And the critters! Spiders, cockroaches, centipedes, rats, and even a mongoose or two came out of the cane field onto our lawns to seek haven from man and machinery. The neighborhood dogs went wild playing around with the creepy, squirmy critters.

That was the time when the cane flumes made their appearance. Oh, they were there all along, but the growing cane hid them from view for nearly two years.

We'd play with the flumes, sending paper boats hurtling down the rapid water that roared by. We had heard stories of other children who got their thrills by jumping into the flumes and riding several hundred feet before escaping.

The neighborhood kids and I never did try it, especially after a story appeared in the newspaper about a boy who was killed at the Wailuku mill. He had been riding the flumes with friends, and had been swept into the sugar mill where he apparently was ground to bits in the machinery. I could just picture his friends and the guilt they'd carry for the rest of their lives.

For the longest time, I looked for traces of red whenever I used sugar. Silly, of course, but hearing Dad talk about the incident (the boy was Dad's patient) made quite an impression on me. I never even thought of riding a flume after that.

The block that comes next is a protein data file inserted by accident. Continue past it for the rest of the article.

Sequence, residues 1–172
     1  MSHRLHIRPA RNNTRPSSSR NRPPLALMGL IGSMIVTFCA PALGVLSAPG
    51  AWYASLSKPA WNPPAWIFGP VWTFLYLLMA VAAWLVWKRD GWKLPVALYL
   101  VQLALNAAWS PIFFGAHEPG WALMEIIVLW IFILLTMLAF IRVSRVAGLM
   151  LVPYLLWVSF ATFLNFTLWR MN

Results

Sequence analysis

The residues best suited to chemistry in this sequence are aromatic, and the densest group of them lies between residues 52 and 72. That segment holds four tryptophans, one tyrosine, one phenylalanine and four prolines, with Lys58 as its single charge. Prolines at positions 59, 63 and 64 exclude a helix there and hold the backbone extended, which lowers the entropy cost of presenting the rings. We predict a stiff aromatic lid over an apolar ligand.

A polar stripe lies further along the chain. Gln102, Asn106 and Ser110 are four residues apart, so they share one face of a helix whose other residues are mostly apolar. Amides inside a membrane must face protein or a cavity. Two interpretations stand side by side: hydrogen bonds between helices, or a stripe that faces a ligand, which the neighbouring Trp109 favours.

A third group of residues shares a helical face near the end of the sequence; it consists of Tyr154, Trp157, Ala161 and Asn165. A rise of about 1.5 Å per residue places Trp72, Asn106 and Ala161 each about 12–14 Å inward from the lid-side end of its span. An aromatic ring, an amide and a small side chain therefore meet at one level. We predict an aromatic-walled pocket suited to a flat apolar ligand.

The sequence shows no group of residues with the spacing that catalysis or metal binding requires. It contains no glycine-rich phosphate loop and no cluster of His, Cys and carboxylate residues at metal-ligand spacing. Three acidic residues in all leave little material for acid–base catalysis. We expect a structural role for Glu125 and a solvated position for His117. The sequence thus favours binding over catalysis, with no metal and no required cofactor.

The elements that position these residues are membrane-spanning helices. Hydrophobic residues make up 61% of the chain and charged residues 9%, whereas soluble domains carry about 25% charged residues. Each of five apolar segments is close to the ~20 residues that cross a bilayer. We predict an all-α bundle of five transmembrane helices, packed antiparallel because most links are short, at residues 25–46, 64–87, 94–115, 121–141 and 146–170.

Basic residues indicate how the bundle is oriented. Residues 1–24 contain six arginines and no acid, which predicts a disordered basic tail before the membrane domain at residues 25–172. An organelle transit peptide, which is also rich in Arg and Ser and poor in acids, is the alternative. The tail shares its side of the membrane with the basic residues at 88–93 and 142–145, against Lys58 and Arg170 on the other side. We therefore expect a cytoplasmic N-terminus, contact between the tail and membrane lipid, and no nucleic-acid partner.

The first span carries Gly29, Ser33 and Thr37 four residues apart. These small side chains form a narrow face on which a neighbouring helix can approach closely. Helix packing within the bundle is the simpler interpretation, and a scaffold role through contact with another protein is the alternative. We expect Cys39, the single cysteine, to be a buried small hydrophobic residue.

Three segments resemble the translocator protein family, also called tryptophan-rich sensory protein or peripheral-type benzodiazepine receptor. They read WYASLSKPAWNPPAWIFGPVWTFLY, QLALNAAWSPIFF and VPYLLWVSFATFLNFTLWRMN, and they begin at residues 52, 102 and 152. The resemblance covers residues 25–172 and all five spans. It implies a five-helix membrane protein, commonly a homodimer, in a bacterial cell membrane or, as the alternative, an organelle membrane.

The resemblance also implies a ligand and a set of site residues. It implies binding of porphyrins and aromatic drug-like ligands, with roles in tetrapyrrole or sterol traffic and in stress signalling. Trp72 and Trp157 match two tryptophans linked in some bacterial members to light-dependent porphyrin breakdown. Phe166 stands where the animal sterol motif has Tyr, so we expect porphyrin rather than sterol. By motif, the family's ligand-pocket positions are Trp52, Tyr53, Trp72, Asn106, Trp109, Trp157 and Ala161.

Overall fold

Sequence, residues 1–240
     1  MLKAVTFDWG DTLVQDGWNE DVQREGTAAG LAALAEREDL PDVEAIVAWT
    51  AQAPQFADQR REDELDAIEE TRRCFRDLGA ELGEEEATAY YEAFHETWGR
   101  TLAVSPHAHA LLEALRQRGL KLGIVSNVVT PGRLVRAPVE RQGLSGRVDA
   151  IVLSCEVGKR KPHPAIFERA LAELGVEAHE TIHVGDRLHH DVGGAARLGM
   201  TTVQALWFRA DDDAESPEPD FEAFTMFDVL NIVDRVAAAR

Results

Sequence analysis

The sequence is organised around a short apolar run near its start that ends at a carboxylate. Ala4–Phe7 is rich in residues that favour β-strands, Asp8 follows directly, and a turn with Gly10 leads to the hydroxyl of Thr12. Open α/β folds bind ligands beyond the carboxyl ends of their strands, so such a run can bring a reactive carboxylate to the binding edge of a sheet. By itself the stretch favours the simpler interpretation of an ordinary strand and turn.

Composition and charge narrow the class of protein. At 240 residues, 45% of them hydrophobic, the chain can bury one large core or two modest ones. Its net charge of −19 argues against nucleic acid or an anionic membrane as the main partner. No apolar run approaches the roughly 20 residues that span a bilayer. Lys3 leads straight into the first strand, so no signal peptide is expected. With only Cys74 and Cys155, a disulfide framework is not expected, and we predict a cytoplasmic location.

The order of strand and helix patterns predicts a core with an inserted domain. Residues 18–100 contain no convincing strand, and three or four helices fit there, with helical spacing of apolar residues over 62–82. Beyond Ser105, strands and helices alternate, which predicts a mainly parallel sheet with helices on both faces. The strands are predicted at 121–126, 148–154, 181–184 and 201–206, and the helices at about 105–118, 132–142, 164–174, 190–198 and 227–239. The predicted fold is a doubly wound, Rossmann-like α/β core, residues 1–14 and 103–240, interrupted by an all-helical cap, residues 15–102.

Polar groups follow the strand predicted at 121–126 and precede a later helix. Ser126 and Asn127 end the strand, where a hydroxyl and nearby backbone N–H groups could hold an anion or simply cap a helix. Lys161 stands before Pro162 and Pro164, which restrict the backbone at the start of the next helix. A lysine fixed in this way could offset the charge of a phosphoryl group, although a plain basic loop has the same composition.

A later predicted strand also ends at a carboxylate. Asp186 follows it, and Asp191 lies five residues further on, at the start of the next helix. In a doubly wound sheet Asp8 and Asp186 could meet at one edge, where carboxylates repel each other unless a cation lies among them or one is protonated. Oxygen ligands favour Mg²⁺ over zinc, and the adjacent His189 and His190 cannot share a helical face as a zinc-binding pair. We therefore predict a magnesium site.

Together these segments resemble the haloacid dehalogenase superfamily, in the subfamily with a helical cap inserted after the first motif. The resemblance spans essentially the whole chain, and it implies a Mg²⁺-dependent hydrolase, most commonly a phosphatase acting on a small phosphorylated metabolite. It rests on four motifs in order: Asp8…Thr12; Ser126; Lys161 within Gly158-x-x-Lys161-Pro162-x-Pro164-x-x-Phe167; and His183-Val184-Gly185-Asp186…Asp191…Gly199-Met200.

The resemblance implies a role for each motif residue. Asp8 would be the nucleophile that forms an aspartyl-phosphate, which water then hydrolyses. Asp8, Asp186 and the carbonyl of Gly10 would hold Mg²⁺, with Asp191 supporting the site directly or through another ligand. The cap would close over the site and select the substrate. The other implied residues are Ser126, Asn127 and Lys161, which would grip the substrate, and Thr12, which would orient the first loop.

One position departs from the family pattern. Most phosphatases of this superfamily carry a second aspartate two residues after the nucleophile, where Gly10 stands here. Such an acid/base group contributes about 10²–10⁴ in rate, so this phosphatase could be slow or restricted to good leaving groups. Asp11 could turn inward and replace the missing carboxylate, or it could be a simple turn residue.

You know, I burned the cane field down once by mistake.  According to the Tribune-Herald, about four acres went up in flames. It happened because ... well, I forget the exact reason why, but I was upset with Mom because she wouldn't let me do something, or had scolded me, or something like that.

At any rate, I decided the hell with it all, I was going to clean out some of the tall grass that was growing between our house and the Kutsunai's, and the cane field. I had forgotten that I had sprinkled some poison chemicals there earlier.  Now, this chemical that we used looked something like rock salt. You sprinkled it on the ground, and the weeds just died and dried. Touch a match to the weeds and they went up in a sparkling flame that had a life of its own.

So anyway, there were the tall, dry weeds, just begging to be cremated. So I cremated them. Did the strip next to the Kutsunai's house. No problem, so why not try the strip next to the cane field. Big problem. Bi-i-i-ig problem!

The fire jumped into the cane field before my very eyes. As soon as I got over the shock, I raced to the house, hooked up the garden hose, turned on the water full-blast, and rushed to douse the spreading flames.

Picture this: A panicky kid holding a hose with the water shooting out the business end, arcing high into the air, and landing about 10 feet short of the fire. Talk about a picture of futility, this was it. Somebody should have taken a photo; it would have won an award.

Mom had seen what was going on from the kitchen and called the fire department. She came stomping out of the house, pointed her finger at me, then to the house, and ordered me to go inside. I began bawling and ran into the house, whimpering "I didn't mean it, I didn't mean it!"